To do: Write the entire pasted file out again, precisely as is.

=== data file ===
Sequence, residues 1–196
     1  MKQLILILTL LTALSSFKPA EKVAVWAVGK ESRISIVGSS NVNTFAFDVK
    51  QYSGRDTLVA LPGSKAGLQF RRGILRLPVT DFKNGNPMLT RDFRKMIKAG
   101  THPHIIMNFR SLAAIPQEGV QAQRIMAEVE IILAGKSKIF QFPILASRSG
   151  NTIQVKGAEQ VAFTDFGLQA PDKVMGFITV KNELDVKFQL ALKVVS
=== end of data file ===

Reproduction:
Sequence, residues 1–196
     1  MKQLILILTL LTALSSFKPA EKVAVWAVGK ESRISIVGSS NVNTFAFDVK
    51  QYSGRDTLVA LPGSKAGLQF RRGILRLPVT DFKNGNPMLT RDFRKMIKAG
   101  THPHIIMNFR SLAAIPQEGV QAQRIMAEVE IILAGKSKIF QFPILASRSG
   151  NTIQVKGAEQ VAFTDFGLQA PDKVMGFITV KNELDVKFQL ALKVVS